Leaderships Don’t Sink

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Leaderships Don’t Sink

The Pride of Rock Island performs during halftime of the home football game.

The Pride of Rock Island performs during halftime of the home football game.

The Pride of Rock Island performs during halftime of the home football game.

The Pride of Rock Island performs during halftime of the home football game.

Ethan Kirkpatrick, Editor

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Leadership is something that Rock Island High School takes very seriously, and teachers and students alike strive to be the best leaders they can be. Many of these leaders are in Rocky’s many extracurricular activities, such as Marching Band. 

In fact, Rock Island High School’s Marching Band has a whole section of students who go above and beyond in their band, and are known as the “student leaders.” These student leaders are handpicked by Mr. Carlin and the rest of the band department staff. Mr. Carlin remarked on the first traits that he looks for when choosing student leaders: “Responsibility: Can you turn things in on time? Can you do the simple task of getting an application done on time, or getting an essay in on time? Like, that’s a big thing. Can you do what I ask you to do and do it in a timely manner? That’s the biggest portion of it.” 

Obviously, Mr. Carlin values responsibility over everything, whether it’s in the form of self discipline on the field during practice, or just getting to rehearsals on time. There is a common saying around the band that is passed down the years like a religious scripture, “To be early is to be on time, to be on time is to be late, and to be late is to be dead.” The last part of that may seem grim, but it follows a simple belief: The only excuse for being late to band is being dead.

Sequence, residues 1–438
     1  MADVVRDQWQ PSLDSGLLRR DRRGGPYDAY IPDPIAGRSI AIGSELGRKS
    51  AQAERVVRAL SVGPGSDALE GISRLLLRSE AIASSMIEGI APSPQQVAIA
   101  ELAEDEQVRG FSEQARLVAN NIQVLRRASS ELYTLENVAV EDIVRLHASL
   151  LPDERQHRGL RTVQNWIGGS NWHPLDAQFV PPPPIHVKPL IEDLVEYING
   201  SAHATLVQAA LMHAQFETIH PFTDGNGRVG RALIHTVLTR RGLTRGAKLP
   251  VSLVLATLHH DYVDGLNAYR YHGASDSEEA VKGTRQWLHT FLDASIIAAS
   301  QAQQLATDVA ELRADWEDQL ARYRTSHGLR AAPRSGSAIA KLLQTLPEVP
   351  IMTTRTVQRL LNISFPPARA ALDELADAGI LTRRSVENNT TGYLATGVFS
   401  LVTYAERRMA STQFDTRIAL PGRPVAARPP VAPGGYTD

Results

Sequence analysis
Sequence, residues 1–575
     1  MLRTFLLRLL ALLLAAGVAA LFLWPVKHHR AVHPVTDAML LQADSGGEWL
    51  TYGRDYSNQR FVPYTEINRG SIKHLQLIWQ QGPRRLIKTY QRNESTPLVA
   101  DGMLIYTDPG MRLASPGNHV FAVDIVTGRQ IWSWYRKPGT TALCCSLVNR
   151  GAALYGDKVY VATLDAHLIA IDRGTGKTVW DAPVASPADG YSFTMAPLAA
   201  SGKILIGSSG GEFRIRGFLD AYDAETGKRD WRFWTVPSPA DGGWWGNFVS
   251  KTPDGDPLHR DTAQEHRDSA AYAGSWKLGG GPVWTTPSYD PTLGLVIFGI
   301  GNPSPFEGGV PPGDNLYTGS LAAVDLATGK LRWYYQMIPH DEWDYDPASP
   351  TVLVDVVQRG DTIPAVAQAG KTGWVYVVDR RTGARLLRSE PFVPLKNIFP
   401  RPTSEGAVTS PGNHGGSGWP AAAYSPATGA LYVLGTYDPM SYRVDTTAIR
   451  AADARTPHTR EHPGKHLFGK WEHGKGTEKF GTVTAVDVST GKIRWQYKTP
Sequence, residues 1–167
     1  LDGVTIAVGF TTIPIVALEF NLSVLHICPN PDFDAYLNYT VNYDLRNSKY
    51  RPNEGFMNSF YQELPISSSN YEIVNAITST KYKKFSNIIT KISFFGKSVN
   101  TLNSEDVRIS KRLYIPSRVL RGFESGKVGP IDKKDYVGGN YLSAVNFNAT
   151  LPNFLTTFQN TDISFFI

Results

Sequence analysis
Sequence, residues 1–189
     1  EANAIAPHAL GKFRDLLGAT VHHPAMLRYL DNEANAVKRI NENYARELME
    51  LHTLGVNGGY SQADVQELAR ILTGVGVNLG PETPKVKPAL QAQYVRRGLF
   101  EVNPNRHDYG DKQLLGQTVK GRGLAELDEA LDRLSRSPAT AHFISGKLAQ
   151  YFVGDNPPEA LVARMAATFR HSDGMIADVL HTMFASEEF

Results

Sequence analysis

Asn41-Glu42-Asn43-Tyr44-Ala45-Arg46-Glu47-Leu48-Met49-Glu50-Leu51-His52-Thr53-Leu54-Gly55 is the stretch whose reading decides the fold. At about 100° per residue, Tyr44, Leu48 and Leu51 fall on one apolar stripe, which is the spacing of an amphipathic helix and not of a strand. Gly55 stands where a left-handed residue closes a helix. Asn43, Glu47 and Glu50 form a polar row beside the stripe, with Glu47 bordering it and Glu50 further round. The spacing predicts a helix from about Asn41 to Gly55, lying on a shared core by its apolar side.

Mr. Carlin continued talking about his priorities when picking student leaders, saying that after responsibility, “…it becomes how good of a performer you are, what makes you stand out as a performer, do I see you in leadership roles? Then I discuss it with staff to see what they think.”  Mr. Carlin continued to say, “Some people you can see they’re charismatic and they just ooze leadership…because you have to remember, I’m dealing with 14-year-olds to 18-year-olds, and sometimes a 14-year-old just takes a little bit of time to develop. There’s diamonds in the rough just waiting to be brought out.”

Many students who have been in Rock Island’s band program for 4 years have partially adopted Mr. Carlin’s leadership ideas, with their own twists on what should make a good student leader. One of these students is senior, Shaila Christopher.

Shaila plays Alto Saxophone in Rocky’s Marching Band and Symphonic Band, and has been a member of the band for 4 years. Shaila commented that, “A leader has to be personable, has to get along with their group (section) really well, they have to be strict when they need to be. So if their section is not focused, they know how to lay the law down. They need to be able to put their section before them, so they can’t just put off their band for their own things.” Shaila knows that putting her responsibilities as a section leader first, after social activities, shows maturity and initiative. 

Many other seniors in the band would agree with her on what makes a leader, and these seniors try to pass down this belief to the underclassmen. This is important to the students because they all want the band to keep getting better, and want to make sure that future bands have the leadership to accomplish their goals. According to Shaila, “[Leadership is] very important. If we don’t have any leadership in the sections, then we have to rely solely on the four directors running the band, and that doesn’t always work, so the leadership within the band sort of makes the smaller sections work better.” 

When it comes to student leadership at Rocky, Marching Band students stand out. Because of the guidance of dedicated educators like Mr. Carlin, students are able to grow, change and reach their potential. And because of dedicated student leaders like Shaila Christopher, other students are inspired to follow in her footsteps.

The Pride of Rock Island performs during halftime of the home football game.